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Democrat Boschee's fundraising haul outpaces Republican Gardner in open race for ND secretary of state

Rep. Josh Boschee, D-Fargo, announces his candidacy for North Dakota Secretary of State, during a press conference Jan. 30 at Abovo Events in Fargo. Michael Vosburg / Forum News Service1 / 2
Will Gardner, with his wife, Laura, accepts the party's endorsement for Secretary of State at April's convention at the Alerus Center in Grand Forks. Eric Hylden / Forum News Service2 / 2

BISMARCK — The open race for North Dakota secretary of state got off to a spendy start, with the Democratic candidate raising more than $79,000 in the first phase of the campaign.

Fargo Democratic state Rep. Joshua Boschee has raised $79,207, well ahead of the $12,625 reported by his Republican opponent, Mandan businessman Will Gardner, according to filings posted online by the Secretary of State's office. Boschee's pre-primary report, filed Friday, May 11, showed he had a nearly $60,000 ending balance, while Gardner had more than $5,800.

Boschee's report included a nearly $6,800 in-kind contribution from himself and $10,000 from his parents. He also received $2,500 from U.S. Sen. Heidi Heitkamp's campaign and another $2,500 from a local plumbers and pipefitters union.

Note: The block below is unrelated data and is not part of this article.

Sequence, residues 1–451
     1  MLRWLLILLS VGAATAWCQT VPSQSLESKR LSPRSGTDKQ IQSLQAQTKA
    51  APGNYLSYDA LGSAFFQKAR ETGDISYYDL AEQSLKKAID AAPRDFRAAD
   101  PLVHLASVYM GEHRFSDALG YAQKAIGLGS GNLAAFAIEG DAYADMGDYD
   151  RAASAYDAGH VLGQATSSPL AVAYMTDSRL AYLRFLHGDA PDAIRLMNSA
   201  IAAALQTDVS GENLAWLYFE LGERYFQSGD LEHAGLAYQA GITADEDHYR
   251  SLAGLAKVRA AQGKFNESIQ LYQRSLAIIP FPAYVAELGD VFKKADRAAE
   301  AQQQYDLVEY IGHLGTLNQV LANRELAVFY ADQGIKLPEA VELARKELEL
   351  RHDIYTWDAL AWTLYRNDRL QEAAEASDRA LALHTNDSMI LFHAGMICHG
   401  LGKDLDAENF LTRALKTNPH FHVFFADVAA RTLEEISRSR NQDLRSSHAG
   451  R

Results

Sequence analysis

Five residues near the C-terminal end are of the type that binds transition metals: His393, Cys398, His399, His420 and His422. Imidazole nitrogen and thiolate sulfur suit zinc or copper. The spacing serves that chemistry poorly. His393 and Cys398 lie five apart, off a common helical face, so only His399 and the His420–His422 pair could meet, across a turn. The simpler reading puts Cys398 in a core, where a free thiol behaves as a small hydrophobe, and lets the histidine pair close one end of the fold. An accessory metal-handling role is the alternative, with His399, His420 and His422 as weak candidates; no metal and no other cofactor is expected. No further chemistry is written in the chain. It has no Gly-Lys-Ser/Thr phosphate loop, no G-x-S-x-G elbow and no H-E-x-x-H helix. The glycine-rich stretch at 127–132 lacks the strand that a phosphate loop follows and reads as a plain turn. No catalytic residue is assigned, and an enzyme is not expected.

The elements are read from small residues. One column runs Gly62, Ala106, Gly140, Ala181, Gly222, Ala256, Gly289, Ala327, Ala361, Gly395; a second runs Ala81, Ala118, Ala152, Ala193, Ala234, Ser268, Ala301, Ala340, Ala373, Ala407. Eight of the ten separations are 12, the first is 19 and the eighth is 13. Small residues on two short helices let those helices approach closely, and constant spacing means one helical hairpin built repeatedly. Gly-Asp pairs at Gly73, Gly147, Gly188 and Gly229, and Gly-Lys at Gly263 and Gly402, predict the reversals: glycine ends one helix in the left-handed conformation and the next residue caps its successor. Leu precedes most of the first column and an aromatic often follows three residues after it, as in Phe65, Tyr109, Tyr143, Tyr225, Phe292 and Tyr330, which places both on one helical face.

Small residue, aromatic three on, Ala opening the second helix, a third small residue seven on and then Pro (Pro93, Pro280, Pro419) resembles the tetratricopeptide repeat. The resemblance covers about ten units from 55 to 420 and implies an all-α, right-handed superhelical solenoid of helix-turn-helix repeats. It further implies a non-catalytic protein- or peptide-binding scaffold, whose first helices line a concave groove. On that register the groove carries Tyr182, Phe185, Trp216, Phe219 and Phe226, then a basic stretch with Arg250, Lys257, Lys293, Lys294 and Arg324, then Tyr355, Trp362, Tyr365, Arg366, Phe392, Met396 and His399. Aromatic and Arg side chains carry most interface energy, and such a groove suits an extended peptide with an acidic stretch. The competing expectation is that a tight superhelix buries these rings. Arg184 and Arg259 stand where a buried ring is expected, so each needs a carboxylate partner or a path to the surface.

Boschee's campaign said he had more than 600 "unique donors," with most being North Dakotans.

"Both individuals and industry groups are going to be looking for a fresh perspective in the office," he said Wednesday.

Gardner said he had been focused on April's GOP state convention, where he won the party endorsement over longtime Republican Secretary of State Al Jaeger. He was optimistic he would "raise an enormous amount of money" as the campaign wears on.

"We spent a lot of time in the last few weeks on the ground game," Gardner said.

North Dakota candidates' campaign finance filings can be searched here.

John Hageman

John Hageman covers North Dakota politics from the Forum News Service bureau in Bismarck. He attended the University of Minnesota in the Twin Cities, where he studied journalism and political science, and he previously worked at the Grand Forks Herald and Bemidji Pioneer.  

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